The Weed Society of America just announced it will focus its May 2012 meeting on finding solutions to herbicide resistance. However, concerns remain about Monsanto’s efforts to undermine science and promote the next wave of GE technology, including 2,4-D and dicamba.
"I'm convinced that this is a big problem," said Dave Mortensen, professor of weed and applied plant ecology at Penn State University. "Most of the public doesn't know because the industry is calling the shots on how this should be spun."
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U.S. Department of Agriculture (USDA) is closing out 2011 in much the same way it started the year—approving the use of genetically modified (GM) crops designed to withstand pesticide applications. On Dec. 27, USDA’s Animal and Plant Health Inspection Service (APHIS) approved the use of two more GM crops and announced the availability of assessments for two additional GM crops. The end of the year announcements, however, include a holiday bonus—the department is on the verge of approving not just glyphosate-resistant crops, but crops engineered to withstand the systemic herbicide, 2,4-D.
The move to engineering crops resistant to 2,4-D comes on the heels of reports from the field and in the lab that GM crops—and specifically, those engineered to be glyphosate tolerant—are creating herbicide-resistant weeds. Not a new concept, the “pesticide treadmill” is catching up with biotechnology breakthroughs. Chemical companies must continually develop new and stronger pesticides to combat the unwanted weeds in farmers’ fields that have developed resistance to certain chemicals. The use of glyphosate-tolerant GM crops, and the accompanying use of glyphosate, has created glyphosate-tolerant weeds. Not missing a beat, chemical companies are developing GM crops resistant to stronger pesticides, such as 2,4-D.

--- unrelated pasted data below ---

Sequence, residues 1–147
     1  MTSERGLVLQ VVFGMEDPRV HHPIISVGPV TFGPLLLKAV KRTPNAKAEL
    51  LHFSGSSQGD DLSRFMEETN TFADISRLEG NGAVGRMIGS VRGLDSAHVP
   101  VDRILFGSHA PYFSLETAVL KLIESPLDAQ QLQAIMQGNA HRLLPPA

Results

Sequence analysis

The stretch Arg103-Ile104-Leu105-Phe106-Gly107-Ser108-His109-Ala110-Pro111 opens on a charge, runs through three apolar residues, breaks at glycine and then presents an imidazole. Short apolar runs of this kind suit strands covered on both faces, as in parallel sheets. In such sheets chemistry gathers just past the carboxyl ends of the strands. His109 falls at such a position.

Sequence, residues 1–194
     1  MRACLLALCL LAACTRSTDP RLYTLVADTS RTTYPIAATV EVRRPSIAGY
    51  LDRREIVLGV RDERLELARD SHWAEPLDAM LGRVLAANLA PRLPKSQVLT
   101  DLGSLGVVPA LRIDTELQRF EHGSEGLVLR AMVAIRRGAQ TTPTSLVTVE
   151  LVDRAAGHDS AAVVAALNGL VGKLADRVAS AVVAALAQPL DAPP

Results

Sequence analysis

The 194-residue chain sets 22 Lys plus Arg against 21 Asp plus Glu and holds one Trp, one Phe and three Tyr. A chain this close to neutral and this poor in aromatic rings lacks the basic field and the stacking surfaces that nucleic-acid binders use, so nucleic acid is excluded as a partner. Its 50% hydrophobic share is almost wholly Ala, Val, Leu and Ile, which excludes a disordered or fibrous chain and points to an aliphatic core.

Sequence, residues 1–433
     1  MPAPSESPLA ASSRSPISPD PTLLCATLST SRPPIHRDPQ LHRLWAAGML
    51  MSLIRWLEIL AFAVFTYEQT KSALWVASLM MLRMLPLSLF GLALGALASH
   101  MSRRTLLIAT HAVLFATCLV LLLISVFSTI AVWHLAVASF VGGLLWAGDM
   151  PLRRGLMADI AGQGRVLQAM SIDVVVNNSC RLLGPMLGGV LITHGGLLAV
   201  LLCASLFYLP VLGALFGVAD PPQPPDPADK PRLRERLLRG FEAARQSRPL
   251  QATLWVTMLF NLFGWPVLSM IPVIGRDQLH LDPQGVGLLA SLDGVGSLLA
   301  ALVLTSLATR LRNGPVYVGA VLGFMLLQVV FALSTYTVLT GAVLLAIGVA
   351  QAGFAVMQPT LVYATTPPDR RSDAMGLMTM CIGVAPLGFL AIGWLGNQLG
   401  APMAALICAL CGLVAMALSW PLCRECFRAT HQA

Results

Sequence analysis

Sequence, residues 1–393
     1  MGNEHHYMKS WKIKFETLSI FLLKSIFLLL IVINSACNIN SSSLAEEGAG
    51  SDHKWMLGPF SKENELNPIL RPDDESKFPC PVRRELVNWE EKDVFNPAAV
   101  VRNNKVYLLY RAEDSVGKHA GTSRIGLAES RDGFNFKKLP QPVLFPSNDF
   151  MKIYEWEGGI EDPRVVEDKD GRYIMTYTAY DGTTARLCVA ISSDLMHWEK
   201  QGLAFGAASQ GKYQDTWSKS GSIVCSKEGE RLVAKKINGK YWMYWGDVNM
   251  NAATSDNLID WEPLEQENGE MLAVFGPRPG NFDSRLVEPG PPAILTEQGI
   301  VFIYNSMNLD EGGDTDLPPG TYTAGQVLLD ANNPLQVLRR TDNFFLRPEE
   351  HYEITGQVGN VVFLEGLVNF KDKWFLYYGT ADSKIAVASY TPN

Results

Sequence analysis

The development of GM crops that are resistant to persistent, toxic pesticides lays to rest one of original lies told about GE crops—that their widespread use would lead to the end of toxic pesticides like 2,4-D that have been associated with the development of Parkinson’s disease and other medical disorders in humans and animals.
APHIS has prepared a plant pest risk assessment and an environmental assessment on the 2,4-D resistant corn engineered by Dow, Inc., as well as assessments on a Monsanto-made soybean engineered to produce an omega-3 fatty acid. APHIS has proposed to deregulate both crops, and is accepting public comment on its determinations through Feb. 27, 2012.
APHIS also announced the full deregulation without conditions of another Monsanto-made soybean, this time with tolerance to glyphosate and a modified fatty acid profile, as well as a corn engineered by Monsanto to be drought tolerant. (Readers may recall that a competing company, Pioneer, released drought-tolerant corn developed through conventional breeding methods earlier this year.)
In a year marked by a steady stream (and at times, a deluge) of GE crop approvals, National Sustainable Agriculture Coalition developed a policy on genetically engineered crops and livestock that supports farmer choice and enterprise, consumer choice, and a regulatory process informed by independent, open scientific assessment.